The Stratocaster was not the first Fender solid-body electric guitar—that honor belongs to the 1950, one-pickup Esquire, which went through several name changes (including a period when the guitar had no name at all) before being labeled the Telecaster in 1951.
But the Strat, as it is known, was the guitar that made the word "Fender" synonymous with "rock 'n' roll." Introduced in 1954, its ash body (alder was used after 1956) was sculpted to fit players like a glove. Three pickups gave the instrument unprecedented tonal range, as did a tremolo bar that bent the guitar’s strings when pressed. And instead of the Telecaster’s blond, natural-looking finish, the Strat was offered in a number of colors, including the iconic sunburst (golden-yellow in the middle fading to black on the outside).
For the most part, collectors are only interested in the Stratocasters manufactured before CBS bought the company in 1965. These pre-CBS Strats are relatively easy to identify by looking at the serial number on the metal plate on the guitar’s back, where the neck is attached. Strats from 1954-1965 have four screws in the plate, and the serial number is at the top. Serial numbers and their corresponding years are as follows:
0 to 6,000 = 1950–1954; 0 to 10,000 = 1954–1956; 10,000s = 1955–1956; 10,000s to 20,000s = 1957; 20,000s to 30,000s = 1958; 30,000s to 40,000s = 1959; 40,000s to 50,000s = 1960; 50,000s to 70,000s = 1961; 60,000s to 90,000s = 1962; 90,000s to L10,000s = 1963; L10,000s to L20,000s = 1963; L20,000s to L50,000s = 1964; L50,000s to L90,000s = 1965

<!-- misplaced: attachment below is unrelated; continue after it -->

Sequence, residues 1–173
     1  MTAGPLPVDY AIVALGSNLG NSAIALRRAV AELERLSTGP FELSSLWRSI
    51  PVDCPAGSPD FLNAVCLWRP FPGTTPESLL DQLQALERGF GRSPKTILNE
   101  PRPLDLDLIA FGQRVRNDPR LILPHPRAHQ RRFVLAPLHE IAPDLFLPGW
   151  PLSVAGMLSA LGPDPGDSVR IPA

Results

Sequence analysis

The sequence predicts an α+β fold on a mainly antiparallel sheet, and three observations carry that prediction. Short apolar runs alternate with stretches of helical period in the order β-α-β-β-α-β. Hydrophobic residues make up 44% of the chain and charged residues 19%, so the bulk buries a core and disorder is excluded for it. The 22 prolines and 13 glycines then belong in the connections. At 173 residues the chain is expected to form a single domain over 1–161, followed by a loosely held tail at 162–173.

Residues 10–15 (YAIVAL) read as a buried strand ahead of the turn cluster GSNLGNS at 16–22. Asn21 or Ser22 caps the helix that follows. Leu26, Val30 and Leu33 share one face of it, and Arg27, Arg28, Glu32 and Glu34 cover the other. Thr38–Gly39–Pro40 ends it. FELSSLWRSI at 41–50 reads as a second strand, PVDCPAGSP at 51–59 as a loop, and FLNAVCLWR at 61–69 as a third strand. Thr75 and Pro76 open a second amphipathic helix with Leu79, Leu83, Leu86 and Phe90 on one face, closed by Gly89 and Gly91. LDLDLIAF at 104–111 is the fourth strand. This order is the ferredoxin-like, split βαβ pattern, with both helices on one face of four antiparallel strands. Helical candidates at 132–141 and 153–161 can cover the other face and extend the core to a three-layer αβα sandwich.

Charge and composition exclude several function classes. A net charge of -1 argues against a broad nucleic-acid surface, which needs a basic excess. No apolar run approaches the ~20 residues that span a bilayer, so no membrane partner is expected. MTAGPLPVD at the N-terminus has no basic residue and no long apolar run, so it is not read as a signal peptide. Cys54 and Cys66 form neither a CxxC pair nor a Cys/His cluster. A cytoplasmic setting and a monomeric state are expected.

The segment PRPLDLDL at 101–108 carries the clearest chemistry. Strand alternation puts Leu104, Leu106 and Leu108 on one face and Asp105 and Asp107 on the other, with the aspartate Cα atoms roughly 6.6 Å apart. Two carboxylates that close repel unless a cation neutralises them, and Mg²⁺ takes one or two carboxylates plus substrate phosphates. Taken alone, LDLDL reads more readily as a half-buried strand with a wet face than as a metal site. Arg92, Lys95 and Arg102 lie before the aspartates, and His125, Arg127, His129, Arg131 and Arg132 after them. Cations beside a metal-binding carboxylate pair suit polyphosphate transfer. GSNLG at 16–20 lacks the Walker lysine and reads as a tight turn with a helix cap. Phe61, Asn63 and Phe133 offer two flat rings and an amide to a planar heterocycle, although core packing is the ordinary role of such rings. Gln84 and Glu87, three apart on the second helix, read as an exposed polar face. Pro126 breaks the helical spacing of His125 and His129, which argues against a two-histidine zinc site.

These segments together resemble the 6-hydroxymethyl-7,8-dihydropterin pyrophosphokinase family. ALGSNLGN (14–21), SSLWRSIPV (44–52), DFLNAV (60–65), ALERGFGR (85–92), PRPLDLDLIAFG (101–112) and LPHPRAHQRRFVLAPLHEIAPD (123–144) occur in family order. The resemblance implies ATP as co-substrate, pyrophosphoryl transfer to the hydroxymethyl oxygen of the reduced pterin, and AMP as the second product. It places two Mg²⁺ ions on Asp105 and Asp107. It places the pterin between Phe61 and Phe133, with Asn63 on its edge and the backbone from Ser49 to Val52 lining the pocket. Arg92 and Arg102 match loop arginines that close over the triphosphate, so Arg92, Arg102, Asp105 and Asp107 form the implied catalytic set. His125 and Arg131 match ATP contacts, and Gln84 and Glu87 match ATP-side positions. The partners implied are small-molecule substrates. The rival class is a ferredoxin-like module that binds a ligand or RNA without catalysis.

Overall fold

You can also date a vintage Fender Stratocaster (or any early Fender, for that matter) by unscrewing the neck from the body and looking to see if there is a penciled or stamped date on the end of the neck. There may not always be a date there, and if the date on the neck does not correspond to the date calculated based on the serial number, that may simply mean that a neck dated, say, 1961 was used to make a 1962 guitar. But if the date and serial number do correspond, that should give a collector some serious peace of mind.
For the very earliest Stratocasters, another clue to the guitar’s age can be found by looking for a serial number on the back of the tremolo plate. A serial number here means the guitar is from 1954, but not all 1954 Stratocasters had dates in this spot, so the lack of a number does not mean that the Strat is post-’54.
The tuners on a guitar’s head can also help identify a guitar’s age. Strats from 1954 to 1957 have no markings on their tuners, but the ones used from 1957 to 1964 are stamped wi...
Finally, look for these differentiators from 1959. Vintage Stratocaster necks from 1954 to 1959 were made out of a single piece of maple, with no fingerboard attached. Necks from 1959 to 1962 had rosewood fingerboards with flat undersides. Strat necks after 1962 also had rosewood fingerboards, but those were curved on both their tops and undersides to follow the curve of the maple neck. Another change concerns the pickguard, which was attached to the guitar’s body with eight screws prior to 1959 and eleven screws thereafter.